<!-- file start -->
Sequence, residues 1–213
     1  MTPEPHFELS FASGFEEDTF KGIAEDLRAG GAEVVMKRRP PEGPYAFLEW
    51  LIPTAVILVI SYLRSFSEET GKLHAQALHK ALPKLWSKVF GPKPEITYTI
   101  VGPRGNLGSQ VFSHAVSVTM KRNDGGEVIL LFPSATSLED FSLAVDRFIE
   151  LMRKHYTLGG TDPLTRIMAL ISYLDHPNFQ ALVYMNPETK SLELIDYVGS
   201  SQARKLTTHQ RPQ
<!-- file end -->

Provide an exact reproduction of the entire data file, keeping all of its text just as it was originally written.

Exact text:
Sequence, residues 1–213
     1  MTPEPHFELS FASGFEEDTF KGIAEDLRAG GAEVVMKRRP PEGPYAFLEW
    51  LIPTAVILVI SYLRSFSEET GKLHAQALHK ALPKLWSKVF GPKPEITYTI
   101  VGPRGNLGSQ VFSHAVSVTM KRNDGGEVIL LFPSATSLED FSLAVDRFIE
   151  LMRKHYTLGG TDPLTRIMAL ISYLDHPNFQ ALVYMNPETK SLELIDYVGS
   201  SQARKLTTHQ RPQ